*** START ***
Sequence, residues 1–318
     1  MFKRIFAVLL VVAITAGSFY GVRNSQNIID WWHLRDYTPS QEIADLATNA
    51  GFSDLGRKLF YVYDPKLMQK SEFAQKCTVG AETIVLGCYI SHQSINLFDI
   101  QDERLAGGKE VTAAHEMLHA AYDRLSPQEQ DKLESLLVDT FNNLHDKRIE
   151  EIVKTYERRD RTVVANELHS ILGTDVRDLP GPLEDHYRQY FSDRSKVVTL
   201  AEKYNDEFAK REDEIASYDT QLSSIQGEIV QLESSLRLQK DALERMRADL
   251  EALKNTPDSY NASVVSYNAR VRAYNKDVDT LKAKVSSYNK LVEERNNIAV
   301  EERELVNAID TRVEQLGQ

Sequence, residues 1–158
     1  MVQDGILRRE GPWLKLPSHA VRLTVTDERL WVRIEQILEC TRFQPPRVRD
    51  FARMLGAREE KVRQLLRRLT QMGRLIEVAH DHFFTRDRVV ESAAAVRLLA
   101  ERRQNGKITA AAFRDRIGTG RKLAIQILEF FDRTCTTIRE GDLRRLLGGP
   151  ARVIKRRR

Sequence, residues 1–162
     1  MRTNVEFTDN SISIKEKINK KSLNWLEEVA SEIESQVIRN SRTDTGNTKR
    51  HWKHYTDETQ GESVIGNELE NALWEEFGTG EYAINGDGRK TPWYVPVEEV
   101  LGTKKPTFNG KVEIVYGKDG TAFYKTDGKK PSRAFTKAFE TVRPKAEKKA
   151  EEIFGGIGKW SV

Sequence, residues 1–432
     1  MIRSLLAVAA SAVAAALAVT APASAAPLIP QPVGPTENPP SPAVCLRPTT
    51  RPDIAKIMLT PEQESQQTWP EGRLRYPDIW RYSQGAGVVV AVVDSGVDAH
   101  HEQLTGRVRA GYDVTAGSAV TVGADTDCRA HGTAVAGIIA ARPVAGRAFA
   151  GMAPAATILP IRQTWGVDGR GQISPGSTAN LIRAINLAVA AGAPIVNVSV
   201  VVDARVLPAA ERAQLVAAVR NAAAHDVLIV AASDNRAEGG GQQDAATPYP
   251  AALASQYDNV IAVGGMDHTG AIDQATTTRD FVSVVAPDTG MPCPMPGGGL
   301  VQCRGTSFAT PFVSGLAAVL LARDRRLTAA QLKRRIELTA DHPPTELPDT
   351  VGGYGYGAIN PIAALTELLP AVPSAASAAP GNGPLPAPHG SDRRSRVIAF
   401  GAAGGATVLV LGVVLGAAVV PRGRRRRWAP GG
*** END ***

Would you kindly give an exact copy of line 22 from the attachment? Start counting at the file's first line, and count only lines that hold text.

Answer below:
   101  HEQLTGRVRA GYDVTAGSAV TVGADTDCRA HGTAVAGIIA ARPVAGRAFA